Although Marchiony is credited with the invention of the cone, a similar creation was independently introduced at the 1904 St. Louis World's Fair by Ernest A. Hamwi, a Syrian concessionaire. Hamwi was selling a crisp, waffle-like pastry -- zalabis -- in a booth right next to an ice cream vendor. Because of ice cream's popularity, the vendor ran out of dishes. Hamwi saw an easy solution to the ice cream vendor's problem: he quickly rolled one of his wafer-like waffles in the shape of a cone, or cornucopia, and gave it to the ice cream vendor. The cone cooled in a few seconds, the vendor put some ice cream in it, the customers were happy and the cone was on its way to becoming the great American institution that it is today.

A Business is Born

St. Louis, a foundry town, quickly capitalized on the cone's success. Enterprising people invented special baking equipment for making the World's Fair cornucopia cones.
Stephen Sullivan of Sullivan, Missouri, was one of the first known independent operators in the ice cream cone business. In 1906, Sullivan served ice cream cones (or cornucopias, as they were still called) at the Modern Woodmen of America Frisco Log Rolling in Sullivan, Missouri.
At the same time, Hamwi was busy with the Cornucopia Waffle Company. In 1910, he founded the Missouri Cone Company, later known as the Western Cone Company.
As the modern ice cream cone developed, two distinct types of cones emerged. The rolled cone was a waffle, baked in a round shape and rolled (first by hand, later mechanically) as soon as it came off the griddle. In a few seconds, it hardened in the form of a crisp cone. The second type of cone was molded either by pouring batter into a shell, inserting a core on which the cone was baked, and then removing the core; or pouring the batter into a mold, baking it and then splitting the mold so the cone could be removed with little difficulty.
In the 1920s, the cone business expanded. Cone production in 1924 reached a record 245 million. Slight changes in automatic machinery have led to the ice cream cone we know today. Now, millions of rolled cones are turned out on machines that are capable of producing about 150,000 cones every 24 hours.

 Tips on Storing & Handling Ice Cream

Keep It Cool!

The International Ice Cream Association offers these suggestions on the proper handling and storage of ice cream and frozen desserts to help consumers enjoy America's favorite treat to the fullest.
Ice cream is a perishable product and should be treated carefully. When frozen desserts are exposed to temperatures above 10°F, they become subject to adverse changes in body, texture and flavor characteristics. Although individual manufacturers' recipes yield ice cream of varying consistency and flavor, all ice cream will be negatively affected if improperly handled or stored. Because of the fluctuating temperatures in most home freezers, IICA recommends that people follow these tips, and enjoy ice cream within a month of purchase.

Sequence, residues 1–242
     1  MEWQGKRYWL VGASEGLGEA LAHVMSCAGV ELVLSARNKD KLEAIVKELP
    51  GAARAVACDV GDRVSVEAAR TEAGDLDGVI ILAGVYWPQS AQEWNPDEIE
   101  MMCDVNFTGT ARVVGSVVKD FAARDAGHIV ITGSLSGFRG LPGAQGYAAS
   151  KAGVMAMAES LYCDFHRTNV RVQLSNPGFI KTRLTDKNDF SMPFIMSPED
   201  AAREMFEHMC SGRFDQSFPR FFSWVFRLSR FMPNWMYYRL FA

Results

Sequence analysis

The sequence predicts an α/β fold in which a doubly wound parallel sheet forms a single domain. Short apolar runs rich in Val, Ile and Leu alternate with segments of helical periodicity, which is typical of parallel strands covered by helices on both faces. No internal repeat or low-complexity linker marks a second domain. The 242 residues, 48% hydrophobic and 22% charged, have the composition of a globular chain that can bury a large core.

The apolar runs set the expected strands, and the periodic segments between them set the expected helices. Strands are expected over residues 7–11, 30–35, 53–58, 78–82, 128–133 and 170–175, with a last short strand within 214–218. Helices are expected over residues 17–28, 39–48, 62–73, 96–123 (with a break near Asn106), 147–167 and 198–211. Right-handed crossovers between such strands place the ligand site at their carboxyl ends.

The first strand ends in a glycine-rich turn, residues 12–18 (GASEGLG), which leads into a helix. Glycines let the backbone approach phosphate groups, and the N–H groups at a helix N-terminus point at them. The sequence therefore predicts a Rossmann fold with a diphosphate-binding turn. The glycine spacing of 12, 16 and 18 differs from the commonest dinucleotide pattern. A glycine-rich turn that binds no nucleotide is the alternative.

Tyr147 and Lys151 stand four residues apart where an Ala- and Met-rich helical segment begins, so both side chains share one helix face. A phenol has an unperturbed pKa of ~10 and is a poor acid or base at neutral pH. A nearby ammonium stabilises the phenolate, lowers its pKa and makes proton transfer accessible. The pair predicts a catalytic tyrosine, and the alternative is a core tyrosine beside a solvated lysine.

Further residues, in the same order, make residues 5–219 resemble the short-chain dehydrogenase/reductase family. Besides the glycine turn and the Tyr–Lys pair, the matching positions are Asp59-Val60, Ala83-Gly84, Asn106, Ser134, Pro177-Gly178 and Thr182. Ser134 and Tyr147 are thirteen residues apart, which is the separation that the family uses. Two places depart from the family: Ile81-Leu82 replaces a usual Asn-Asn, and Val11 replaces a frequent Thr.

Here are some tips on how to keep ice cream in its most delectable form:

In the Store:

  • Make the ice cream aisle your last stop during your trip to the supermarket.
  • Check the temperature of your grocer's freezer case. The temperature in the supermarket's freezer case should not be above -20°F. If kept at a proper temperature, ice cream will be thoroughly frozen and will feel hard to the touch. If the product is soft, you may wish to bring it to the attention of the store manager.
  • In an open top freezer case, always select ice cream and frozen treats stored below the freezer line.
  • Put ice cream products in the separate section of your grocery cart, or place on top of other groceries.
  • Insulate ice cream products for the ride home. When your groceries are packed, request a freezer bag or additional brown paper bag to insulate your ice cream.
  • Make the grocery store or ice cream parlor your last errand before going home. This will insure that your ice cream does not sit in a warm car while you are making other stops.

At Home:

  • Do not allow ice cream to repeatedly soften and re-freeze. When ice cream's small ice crystals melt and re-freeze, they can eventually turn into large, unpalatable lumps.
  • Your freezer should be set at between -5°F and 0°F. Ice cream is easy to dip between 6°F and 10°F, the ideal serving temperature range.
  • Store ice cream in the main part of the freezer. Do not store ice cream in the freezer door, where ice cream can be subject to more fluctuating temperatures since the door is repeatedly open and shut.
  • Keep the ice cream container lid tightly closed when storing in the freezer.
  • Don't store ice cream alongside uncovered foods; odors may penetrate ice cream and affect its flavor.
By following these simple suggestions, you can help ensure that your ice cream and other frozen dessert treats will stay the way they left the manufacturer — attractive and delicious!